Sunday

22nd Oct 2017

Amnesty: Italian police tortured migrants to meet EU target

  • Italy recently signed a repatriation agreement with Sudan (Photo: Ben Philabaum)

Italian police tortured asylum seekers with electric shocks and beatings, human rights group Amnesty International says.

EU pressure on Italian authorities to fingerprint every new arrival led to abuse at so-called hotspots where asylum claimants are initially identified, screened, and processed, the NGO claims in a 56-page report out on Thursday (3 November).

Thank you for reading EUobserver!

Subscribe now for a 30 day free trial.

  1. €150 per year
  2. or €15 per month
  3. Cancel anytime

EUobserver is an independent, not-for-profit news organization that publishes daily news reports, analysis, and investigations from Brussels and the EU member states. We are an indispensable news source for anyone who wants to know what is going on in the EU.

We are mainly funded by advertising and subscription revenues. As advertising revenues are falling fast, we depend on subscription revenues to support our journalism.

For group, corporate or student subscriptions, please contact us. See also our full Terms of Use.

If you already have an account click here to login.

"EU leaders have driven the Italian authorities to the limits - and beyond - of what is legal," said Matteo de Bellis, Amnesty International's researcher on Italy, in a statement.

Italy has four hotspots, staffed, in part, by officials from the EU's border agency Frontex and the European asylum support agency Easo.

People refusing fingerprinting can have them taken by force following EU commission rules in 2014 that called for a “proportionate use of coercion”. Last year, it threatened Rome with court action unless everyone was fingerprinted.

Those fingerprints are entered into Eurodac, an EU-level database used to identify asylum seekers, which helps determine the country responsible for processing their claims under the EU’s so-called Dublin rules on asylum.

Some Italian police officers, according to Amnesty, have resorted to beatings, sexual humiliation, and electric shocks to meet the 100 percent fingerprint target.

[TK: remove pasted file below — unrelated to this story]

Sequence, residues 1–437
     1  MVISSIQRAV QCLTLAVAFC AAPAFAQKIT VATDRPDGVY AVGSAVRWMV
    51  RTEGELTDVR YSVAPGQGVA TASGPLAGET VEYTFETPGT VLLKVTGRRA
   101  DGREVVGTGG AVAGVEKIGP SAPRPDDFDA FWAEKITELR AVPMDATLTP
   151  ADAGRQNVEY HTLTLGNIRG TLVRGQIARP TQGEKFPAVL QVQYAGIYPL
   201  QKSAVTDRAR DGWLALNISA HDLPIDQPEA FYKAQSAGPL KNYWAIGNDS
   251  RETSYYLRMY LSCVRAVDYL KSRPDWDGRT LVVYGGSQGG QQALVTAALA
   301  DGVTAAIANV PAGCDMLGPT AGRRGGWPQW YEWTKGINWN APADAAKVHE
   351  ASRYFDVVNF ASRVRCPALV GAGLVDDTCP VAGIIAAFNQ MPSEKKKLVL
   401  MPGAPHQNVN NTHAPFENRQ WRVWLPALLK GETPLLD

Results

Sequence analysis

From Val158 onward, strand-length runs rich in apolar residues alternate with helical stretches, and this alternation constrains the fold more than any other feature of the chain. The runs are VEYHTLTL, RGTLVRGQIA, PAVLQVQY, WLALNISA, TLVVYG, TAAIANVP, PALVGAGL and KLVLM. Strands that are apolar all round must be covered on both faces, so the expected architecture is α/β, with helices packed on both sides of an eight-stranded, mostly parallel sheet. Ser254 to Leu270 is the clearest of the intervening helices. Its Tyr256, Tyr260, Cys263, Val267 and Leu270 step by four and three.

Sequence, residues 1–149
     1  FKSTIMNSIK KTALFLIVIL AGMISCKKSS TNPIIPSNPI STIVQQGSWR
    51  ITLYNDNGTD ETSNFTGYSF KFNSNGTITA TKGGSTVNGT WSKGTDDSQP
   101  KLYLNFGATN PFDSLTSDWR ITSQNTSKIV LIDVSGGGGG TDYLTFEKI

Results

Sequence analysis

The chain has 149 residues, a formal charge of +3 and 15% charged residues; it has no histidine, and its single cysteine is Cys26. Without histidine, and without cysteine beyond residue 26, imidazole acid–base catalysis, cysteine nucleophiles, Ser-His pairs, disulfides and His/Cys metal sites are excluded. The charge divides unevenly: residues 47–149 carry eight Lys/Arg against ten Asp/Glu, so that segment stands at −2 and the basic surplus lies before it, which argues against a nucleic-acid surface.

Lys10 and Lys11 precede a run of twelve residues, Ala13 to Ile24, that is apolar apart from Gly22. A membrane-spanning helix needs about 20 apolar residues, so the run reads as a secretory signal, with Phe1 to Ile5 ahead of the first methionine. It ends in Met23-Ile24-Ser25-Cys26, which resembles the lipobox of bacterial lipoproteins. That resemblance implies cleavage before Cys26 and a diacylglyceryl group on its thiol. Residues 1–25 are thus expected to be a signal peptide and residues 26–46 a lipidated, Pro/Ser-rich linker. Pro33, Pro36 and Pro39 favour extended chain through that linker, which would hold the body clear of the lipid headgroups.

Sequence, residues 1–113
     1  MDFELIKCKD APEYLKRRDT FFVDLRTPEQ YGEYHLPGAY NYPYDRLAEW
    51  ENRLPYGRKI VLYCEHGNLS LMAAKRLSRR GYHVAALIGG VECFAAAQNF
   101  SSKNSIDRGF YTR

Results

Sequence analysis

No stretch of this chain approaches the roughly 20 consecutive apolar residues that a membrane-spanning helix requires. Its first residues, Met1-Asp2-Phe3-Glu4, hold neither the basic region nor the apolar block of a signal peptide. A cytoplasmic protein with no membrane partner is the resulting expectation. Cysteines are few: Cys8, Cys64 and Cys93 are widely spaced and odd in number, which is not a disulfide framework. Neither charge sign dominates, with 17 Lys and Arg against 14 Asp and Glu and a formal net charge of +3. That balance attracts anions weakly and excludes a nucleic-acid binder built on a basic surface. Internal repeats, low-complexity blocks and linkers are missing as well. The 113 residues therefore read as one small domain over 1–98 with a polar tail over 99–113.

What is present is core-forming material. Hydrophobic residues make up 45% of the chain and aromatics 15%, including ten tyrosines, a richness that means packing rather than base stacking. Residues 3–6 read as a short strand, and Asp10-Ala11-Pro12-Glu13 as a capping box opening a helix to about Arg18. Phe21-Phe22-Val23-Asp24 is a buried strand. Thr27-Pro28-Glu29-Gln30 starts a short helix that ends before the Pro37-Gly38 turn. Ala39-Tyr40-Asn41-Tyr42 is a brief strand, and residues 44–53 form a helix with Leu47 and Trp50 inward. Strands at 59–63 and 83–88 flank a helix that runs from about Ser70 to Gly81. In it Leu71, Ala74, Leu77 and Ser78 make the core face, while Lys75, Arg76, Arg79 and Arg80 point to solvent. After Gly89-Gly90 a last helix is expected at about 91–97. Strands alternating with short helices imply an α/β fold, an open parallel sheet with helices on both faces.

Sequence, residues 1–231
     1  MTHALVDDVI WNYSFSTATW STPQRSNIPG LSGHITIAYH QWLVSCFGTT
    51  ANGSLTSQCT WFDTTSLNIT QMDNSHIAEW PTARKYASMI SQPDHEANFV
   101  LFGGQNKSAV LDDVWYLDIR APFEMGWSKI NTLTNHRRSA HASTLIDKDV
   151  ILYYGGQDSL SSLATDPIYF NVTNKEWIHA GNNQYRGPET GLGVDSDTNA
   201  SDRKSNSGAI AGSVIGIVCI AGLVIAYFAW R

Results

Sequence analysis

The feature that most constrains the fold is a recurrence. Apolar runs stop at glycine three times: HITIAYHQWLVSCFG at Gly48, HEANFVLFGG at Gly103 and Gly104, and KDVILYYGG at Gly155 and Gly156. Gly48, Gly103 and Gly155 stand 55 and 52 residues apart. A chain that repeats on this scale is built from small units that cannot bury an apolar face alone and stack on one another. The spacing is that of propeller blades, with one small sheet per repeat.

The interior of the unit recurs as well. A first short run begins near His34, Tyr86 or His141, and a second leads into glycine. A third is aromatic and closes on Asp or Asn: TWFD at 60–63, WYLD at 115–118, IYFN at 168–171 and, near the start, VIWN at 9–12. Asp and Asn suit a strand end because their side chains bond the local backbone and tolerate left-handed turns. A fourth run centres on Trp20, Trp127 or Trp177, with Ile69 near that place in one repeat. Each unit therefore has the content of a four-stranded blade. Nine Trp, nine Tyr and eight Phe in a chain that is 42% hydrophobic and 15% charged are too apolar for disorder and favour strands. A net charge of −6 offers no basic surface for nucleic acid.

Of the 24 testimonies collected by the NGO, 16 involved beatings.

One 16-year old boy from Sudan said police had shocked him with stun batons.

"They gave me electricity with a stick, many times on the left leg, then on right leg, chest and belly. I was too weak, I couldn’t resist and at that point they took both my hands and put them on the machine," he said.

Another 27-year-old told the NGO that police in Sicily forced him to undress and sit on an aluminium chair.

"They held my shoulders and legs, took my testicles with pliers, and pulled twice. I can't say how painful it was," he said.

A 25-year-old woman from Eritrea said she was slapped repeatedly until she agreed to give her fingerprints.

Many others said they were sexually humiliated or beaten with sticks.

Unlawful returns to Sudan

Another 40 people from Sudan were also allegedly returned illegally in late August under a collective expulsion order without proper assessment of their asylum claims.

The order was part of a new bilateral arrangement on rapid repatriation, made public by Italian MPs last month, between Rome and Khartoum.

It includes provisions that allows the identification of people, who have not requested asylum, to take place in Sudan.

Amnesty says the deal may also lead to abuse.

One person from Sudan told the NGO that he had been arrested by Italian police. He then told a judge he didn't want to return to Sudan when asked his intentions.